Unfulfilled

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Kennardphillipps Art Collective recreation of Andrew Wyeth’s “Christina’s World” (c.2015)

Various rhetorical positions on environmentalism exist within the profession, categorized, for the purpose of this chapter, by deep environmentalism, preservation environmentalism, integrative environmentalism, and ecological environmentalism. Such categorization is not intended to suggest absolute philosophical boundaries or established group positions. In reality, even individual landscape architects express multiple perspectives on environmentalism, which only supports the assertion that misunderstanding, controversy, and debate on environmentalism within the profession is inevitable. In short, the work of the profession does not support the rhetoric, because landscape architects are, in effect, speaking multiple languages of environmentalism.

While a better understanding of the various environmental perspectives can improve communication, a more careful use of language will not correct the schism rooted in the diversity of the profession. If there is a common ground given the multiple perspectives on environmentalism, it appears to be in the profession’s traditional role of engaging in the pressing debates of the age through the artistic manipulation of the landscape.

Daniel Joseph Nadenicek and Catherine M. Hastings, Environmental Rhetoric, Environmental Sophism: The Words and Work of Landscape Architecture (2000)

Ramboll Studio Dreiseitl, Bishan-Ang Mo Kio Park (2012)

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Promise

While the use of environmental language in landscape architecture is prolific, its direct application to professional practice in landscape architecture has created a problem: More often than not, the words are unfulfilled by the work. Creating “harmony between humans and nature,”“providing unity in nature,”“healing the environment,” and “restoring nature to the city” are goals not easily accomplished. In fact, some within the profession believe that it is impossible to fulfill the promise of those words through the individual projects of landscape architecture. And yet those and other similar phrases are frequently used in the practice of landscape architecture.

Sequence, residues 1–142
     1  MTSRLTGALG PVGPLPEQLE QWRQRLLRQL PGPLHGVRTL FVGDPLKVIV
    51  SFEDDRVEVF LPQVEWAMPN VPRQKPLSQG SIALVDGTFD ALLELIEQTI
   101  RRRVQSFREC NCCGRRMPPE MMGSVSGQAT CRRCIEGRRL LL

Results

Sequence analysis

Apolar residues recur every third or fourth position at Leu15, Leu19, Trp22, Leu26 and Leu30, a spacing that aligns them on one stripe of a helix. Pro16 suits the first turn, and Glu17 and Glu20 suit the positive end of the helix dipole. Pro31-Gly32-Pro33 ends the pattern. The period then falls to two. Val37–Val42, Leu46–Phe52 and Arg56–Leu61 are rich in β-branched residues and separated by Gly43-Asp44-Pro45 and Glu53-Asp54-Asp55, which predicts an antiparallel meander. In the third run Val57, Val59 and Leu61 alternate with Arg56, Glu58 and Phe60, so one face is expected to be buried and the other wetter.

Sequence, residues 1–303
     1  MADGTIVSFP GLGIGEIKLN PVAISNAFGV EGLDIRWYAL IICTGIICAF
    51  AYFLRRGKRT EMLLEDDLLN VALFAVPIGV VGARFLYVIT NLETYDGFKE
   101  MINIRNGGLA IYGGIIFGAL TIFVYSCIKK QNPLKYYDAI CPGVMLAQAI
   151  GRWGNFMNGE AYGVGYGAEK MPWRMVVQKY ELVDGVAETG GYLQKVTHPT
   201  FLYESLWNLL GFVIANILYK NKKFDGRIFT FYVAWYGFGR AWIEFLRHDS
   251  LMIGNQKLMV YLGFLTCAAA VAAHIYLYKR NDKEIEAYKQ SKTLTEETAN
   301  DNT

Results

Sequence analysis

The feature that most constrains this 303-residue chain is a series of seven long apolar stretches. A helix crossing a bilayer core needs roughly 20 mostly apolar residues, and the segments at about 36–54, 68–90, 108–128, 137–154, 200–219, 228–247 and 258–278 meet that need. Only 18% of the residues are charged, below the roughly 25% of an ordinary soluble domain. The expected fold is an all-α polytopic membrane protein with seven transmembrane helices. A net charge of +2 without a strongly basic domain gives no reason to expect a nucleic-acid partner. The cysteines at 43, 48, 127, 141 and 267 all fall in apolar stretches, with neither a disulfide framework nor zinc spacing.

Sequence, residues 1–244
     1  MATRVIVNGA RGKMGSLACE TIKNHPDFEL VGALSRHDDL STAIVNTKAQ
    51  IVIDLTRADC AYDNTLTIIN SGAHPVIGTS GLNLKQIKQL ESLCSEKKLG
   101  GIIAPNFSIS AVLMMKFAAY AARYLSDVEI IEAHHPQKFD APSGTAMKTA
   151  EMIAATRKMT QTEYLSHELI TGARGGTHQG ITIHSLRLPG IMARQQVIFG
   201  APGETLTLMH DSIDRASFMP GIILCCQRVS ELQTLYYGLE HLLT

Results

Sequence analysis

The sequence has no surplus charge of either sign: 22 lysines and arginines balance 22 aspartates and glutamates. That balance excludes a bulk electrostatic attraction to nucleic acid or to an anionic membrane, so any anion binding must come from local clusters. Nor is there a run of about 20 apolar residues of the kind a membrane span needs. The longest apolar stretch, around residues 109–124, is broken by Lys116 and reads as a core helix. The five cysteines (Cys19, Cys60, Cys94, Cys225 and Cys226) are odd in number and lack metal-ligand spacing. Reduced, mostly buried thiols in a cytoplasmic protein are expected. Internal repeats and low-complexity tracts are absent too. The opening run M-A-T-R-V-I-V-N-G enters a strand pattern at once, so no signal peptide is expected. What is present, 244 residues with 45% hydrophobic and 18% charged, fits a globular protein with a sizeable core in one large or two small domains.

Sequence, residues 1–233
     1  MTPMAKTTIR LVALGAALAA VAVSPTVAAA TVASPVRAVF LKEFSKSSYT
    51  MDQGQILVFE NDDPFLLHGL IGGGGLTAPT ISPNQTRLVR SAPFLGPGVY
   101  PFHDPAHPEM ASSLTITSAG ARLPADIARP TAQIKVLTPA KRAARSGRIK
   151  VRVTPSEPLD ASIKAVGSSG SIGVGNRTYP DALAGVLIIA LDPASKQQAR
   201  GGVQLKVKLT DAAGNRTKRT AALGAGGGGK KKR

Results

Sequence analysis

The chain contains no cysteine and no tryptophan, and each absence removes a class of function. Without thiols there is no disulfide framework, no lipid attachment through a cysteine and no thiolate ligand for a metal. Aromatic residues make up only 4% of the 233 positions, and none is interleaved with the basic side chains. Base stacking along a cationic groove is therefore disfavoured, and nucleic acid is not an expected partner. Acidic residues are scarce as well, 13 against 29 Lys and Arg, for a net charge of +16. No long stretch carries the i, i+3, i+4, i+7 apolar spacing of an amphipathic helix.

Additionally, the profession has developed an environmental canon of sorts that includes contrasting, if not conflicting, rhetorical positions. This ambiguous perspective on environmentalism reflects a similar ambiguity in society at large. Recent polls indicate that fifty-eight to seventy-three percent of Americans consider themselves environmentalists. The percentage of landscape architects claiming to be environmentalists is likely at least as large given the profession’s traditional interest in nature. Despite landscape architects’ substantial expression of concern for the environment, how they see the profession’s role in dealing with an environmental crisis has engendered considerable disagreement, if not discord.

Daniel Joseph Nadenicek and Catherine M. Hastings, Environmental Rhetoric, Environmental Sophism: The Words and Work of Landscape Architecture (2000)

Taylor Cullity Lethlean, Cranbourne’s Australian Garden (1995-2012)

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